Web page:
Black Enterprise grew over the next five decades to become a multi-media empire that educates its audience on the power, as written by Dingle, “of financial empowerment to more than 6 million African Americans through print, digital, broadcast and live-event platforms.” One of the tools Graves created to highlight Black entrepreneurship was the “Black Enterprise 100”, also called the “BE 100”. Each year, the magazine profiled the top one hundred, Black-owned industrial and service businesses in the United States. This measure promoted, further supported and celebrated Black business excellence. Premier in its mission and drive, it is no surprise that Black Enterprise, as emphasized by Dingle, “was one of only two companies that would appear on the BE 100 — the publication’s annual rankings of the nation’s largest Black-owned businesses — each of its 47 years. At one point, Graves would operate two companies on the list, including Pepsi-Cola of Washington, DC, one of the nation’s largest soft-drink distributors owned by African Americans.” Graves, according to his biography on The HistoryMakers website, was also a general partner of Egoli Beverages, L.P., the Pepsi-Cola franchise bottler of South Africa.
Earl G. Graves conducted a brilliant business coup in 1990 when he bought the rights for the distribution operations of Pepsi-Cola in Washington D.C. Graves served as the chief executive officer and chairman. He partnered with Ervin “Magic” Johnson, star of the Los Angeles Lakers and entrepreneur, who acted as executive vice-president and spokesperson. According to the biography on Earl G. Graves at Encyclopedia.com, ownership of “the franchise, which distributes over four million cases of Pepsi annually in the District of Columbia and parts of Maryland, has been estimated to be worth about $60 million and makes Graves and Johnson Pepsi’s largest minority franchisees.”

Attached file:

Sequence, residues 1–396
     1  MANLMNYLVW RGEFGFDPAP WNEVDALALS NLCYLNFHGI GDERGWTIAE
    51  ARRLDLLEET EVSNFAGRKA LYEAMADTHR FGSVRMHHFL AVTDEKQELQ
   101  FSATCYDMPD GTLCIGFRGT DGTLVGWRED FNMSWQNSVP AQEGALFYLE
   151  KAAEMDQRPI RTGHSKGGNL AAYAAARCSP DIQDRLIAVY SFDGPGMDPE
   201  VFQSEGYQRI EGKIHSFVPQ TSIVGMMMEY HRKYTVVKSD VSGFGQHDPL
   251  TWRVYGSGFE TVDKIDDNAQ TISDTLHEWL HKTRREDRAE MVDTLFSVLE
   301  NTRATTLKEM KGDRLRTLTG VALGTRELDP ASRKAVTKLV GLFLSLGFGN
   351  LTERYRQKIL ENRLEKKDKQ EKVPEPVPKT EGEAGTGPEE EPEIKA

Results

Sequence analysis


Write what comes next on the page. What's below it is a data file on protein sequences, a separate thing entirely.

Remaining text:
Under Graves’ and Johnson’s leadership, the Pepsi-Cola distributorship won “Bottler of the Year” award three times. In 1998, they sold the Pepsi franchise, which covered 400 square miles. For certain, Graves, an astute businessman, received an offer that he felt was fair but also accepted to remain working on a national level with the soda pop manufacturer. Centered around marketing and sales, Graves accepted the position of Chairman of Customer Advisory and Ethnic Marketing Committee. He guided management at Pepsi in their business practices and professional relationships with their ethnic consumers.